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[From Our Parliamentary Reporter. 1 WELLINGTON, July 11. University Reform. The Bill framed by Dr Fitchett, to enable graduates of the University of New Zealand who have kept terma at the Otago University to elect to the University Council, came up for its second reading to-night. Dr Fitchett pointed out that he only desired to secure for graduates the right which was given to them when the University was established, and was only lost by an oversight when the institution was merged iu the New Zealand University. His object was to enable those who have been through the University to maintain their interest in its management. If this were done, and the elder graduates could bring their influence to bear, ho ventured to e»y that the scenes that had annually scandalised the Otago University functions would not be repeated. Mr Fulton, as a member of the University Council, said most of the graduates were young men, and to put the management entirely into their hands would hardly be wise. On the other hand, the present Council were composed mainly of elderly men, but on their behalf he suggested, by way of a compromise, that the present councillors should be allowed to retain office for life. In that case they would agree, for the purpose of infusing new blood, that from time to time the graduates should have an opportunity of electing one councillor in every three vacancies, starting from the next vacancy. He objected to the clause which provides that no charter shall be applied for without the consent of the Senate expressed at a special meeting, on the ground that it would be likely to lead to a conflict between the old and young members.

Mr Allen agreed with the principle of the Bill, in so far that it was desirable to attach graduates to their alma mater as much as possible, but he did not like to risk the finances of the institution, which had been rehabilitated by the business capacity of the members of tho present Council. Though he would prefer that, as provided in the Bill, their tenure of office should be for five years only, he thought the feelings of the present members of tho Council should be consulted, and that they should be allowed to retain office for life, which he believed Dr Fitchett was willing to concede.

Mr Downie Stewart twitted Mr Fulton and Mr Allen with the apologetic nature of their speeches, which, instead of being in vigorous opposition to the Bill, were merely miserable apologies. The Bill was one of the most shortsighted that he had ever listened to; for he bad no doubt that many members of the Home would be glad of the opportunity to get rid of the Otago University and its endowments. The functions of the Council were merely administrative and not scholastic; and he did not hesitate to say that Dr Fitchett was seting contrary to the interests of the University. Most of tie students, though promising young men, had little knowledge of business, and what the institution needed was shrewd and judicious business men. Whatever the mover might say, the Bill was destined to impair, if not altogether undermine, the University; and he advised him to withdraw it. As a friend of the University and its students he must oppose the Bill. The Hon. Mr Fergus largely agreed with the last speaker, that the introduction of the Bill was unwise, and that it would have to bo amended. The Government did not intend to oppose the Bill, because he hoped that it would be amended, though he would like to see the graduates represented on the Council. Dr Fitchett, in .reply, claimed that the Council of Canterbury College, which was elected by the students, was remarkably well arranged, and he pointed out that all of the present Council, except two, were to retain office for five years. Ho a welt upon the absurdity of supposing that the election of two young members could seriously influence the action of the other ten business men on that body. Mr Stewart challenged a division on the motion, but withdrew it after the bell had been rang, and the second reading was greed to, the Bill being set down for committal on Thursday, tine ftfcla prox. Auctioneers’ License Fees, A Bill baa been prepared by the Government dealing with the question of auctioneers’ license fees; but, as there Is a conflict of interest on the subject between the town and country districts, they decided to hold over their measure and let that prepared by Mr Samuel proceed. This latter Bill came up for second reading to-night. A good deal of opposition was shown by the new representatives of city constituencies to the provision that the proceeds of the license fees shall be divided amongst local bodies of the provincial districts. The second reading was carried on the voices, but the details of the measure will bo subjected to a good deal of criticism when It reaches the committee stage.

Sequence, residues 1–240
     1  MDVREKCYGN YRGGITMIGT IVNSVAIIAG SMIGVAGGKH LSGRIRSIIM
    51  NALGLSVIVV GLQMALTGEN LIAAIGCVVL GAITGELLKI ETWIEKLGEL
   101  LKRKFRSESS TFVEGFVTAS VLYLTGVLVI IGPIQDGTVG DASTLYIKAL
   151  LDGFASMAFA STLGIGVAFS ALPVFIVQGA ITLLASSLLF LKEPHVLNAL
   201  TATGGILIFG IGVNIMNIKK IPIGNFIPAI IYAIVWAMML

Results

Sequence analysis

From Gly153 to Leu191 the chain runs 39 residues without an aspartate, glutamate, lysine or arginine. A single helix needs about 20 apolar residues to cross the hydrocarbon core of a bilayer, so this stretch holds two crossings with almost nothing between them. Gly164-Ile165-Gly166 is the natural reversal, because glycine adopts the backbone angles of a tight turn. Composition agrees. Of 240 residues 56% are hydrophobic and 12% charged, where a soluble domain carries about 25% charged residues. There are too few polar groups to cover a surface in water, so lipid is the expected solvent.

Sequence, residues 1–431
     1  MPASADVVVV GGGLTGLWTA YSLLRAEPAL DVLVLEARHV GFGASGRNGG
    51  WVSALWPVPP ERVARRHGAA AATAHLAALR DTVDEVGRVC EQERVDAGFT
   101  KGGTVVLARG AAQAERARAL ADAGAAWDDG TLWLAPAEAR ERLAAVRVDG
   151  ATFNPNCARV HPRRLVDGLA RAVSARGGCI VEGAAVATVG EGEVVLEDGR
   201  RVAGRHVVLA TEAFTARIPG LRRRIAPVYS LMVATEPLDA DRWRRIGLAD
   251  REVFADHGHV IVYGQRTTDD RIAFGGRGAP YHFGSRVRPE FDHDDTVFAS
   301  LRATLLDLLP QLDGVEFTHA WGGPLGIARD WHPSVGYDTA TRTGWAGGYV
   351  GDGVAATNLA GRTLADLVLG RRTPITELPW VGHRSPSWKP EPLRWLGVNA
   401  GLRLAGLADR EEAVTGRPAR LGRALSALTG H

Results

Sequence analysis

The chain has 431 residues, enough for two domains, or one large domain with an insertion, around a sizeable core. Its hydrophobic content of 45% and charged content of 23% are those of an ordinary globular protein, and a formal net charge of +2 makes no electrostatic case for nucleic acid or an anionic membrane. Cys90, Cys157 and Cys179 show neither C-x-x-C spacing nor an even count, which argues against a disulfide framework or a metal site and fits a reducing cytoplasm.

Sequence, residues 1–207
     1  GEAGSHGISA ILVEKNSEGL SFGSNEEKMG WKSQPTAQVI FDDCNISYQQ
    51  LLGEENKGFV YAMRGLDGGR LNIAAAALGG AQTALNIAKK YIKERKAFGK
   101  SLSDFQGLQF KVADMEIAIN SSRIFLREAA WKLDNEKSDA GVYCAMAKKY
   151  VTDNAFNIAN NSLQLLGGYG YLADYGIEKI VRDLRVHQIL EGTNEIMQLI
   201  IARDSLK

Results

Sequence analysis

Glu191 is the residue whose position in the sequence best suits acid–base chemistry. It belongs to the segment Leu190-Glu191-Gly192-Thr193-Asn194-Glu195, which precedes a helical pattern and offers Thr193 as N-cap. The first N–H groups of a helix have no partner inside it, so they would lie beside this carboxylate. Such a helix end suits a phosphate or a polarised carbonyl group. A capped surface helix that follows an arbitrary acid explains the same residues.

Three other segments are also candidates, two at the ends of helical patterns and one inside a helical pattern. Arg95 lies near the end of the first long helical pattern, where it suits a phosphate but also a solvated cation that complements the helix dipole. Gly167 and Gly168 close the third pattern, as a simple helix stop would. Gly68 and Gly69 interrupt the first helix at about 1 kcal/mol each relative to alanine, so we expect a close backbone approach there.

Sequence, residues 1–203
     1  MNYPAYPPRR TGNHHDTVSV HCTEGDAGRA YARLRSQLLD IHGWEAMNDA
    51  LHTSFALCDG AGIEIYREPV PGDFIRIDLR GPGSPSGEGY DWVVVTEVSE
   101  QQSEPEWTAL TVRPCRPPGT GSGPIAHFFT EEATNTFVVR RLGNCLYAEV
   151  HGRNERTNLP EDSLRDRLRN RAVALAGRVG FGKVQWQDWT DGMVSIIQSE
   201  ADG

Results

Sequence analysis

Californian Thistle Eradication. Profiting by bis experience of last session, Mr T. Mackenzie has considerably modified his Californian Thistle Eradication Bill, which now provides simply that wherever the weed exists farmers shall be required to out it down, with penalties much smaller than those proposed last session. Its second reading was opposed to-night by several members. Mr Kerr stated that the thistle was now thoroughly established in tho colony and could not be eradicated, nor was # it more harmful than other kinds of thistles, which had oeased to be regarded with alarm. Soma country members Wrought other equally troublesome weeds should be brought within the scope cf the Bill, but the second reading was passtd unchallenged. The Licensing Law. Mr Fish’s Licensing Act Amendment Bill, which proposes to allow married women to hold licenses, passed its second reading without any real opposition. The Teangr New Zealanders gave substantial proof this afternoon of their determination to oppose any increase of local indebtedness by taking a firm stand against Mr BUlop’s Bill authorising the Oamim Harbor Board to borrow L 70,003 more. Their chief objection, however, was understood to be to the arrangement that the Government would allow the Board to take up their loan out of Government securities. As a matter cf courtesy to Mr Hislop, who was absent through illness, the Bill was allowed to pa r -s its second reading. Dr Newman then desired to refer it to the Public Accounts Committee in order to examine the conditions on which public moneys are advanced to local bodies; but on the Premier promising that this question should receive attention irdependently of the Bill, the motion was not pressed. Educational. Two questions relating to educational matters were broached in the House this afternoon. In answer to Mr Perceval, tho Government stated that they had veiy little to do with the fixing of the reading books to be read in the schools. That matter rested with the education boards, but they would have much pleasure in allowing Messrs Whitoorobe and Tombs’s Southern Cross Reader to be put on the list of books which can ba used in the State schools.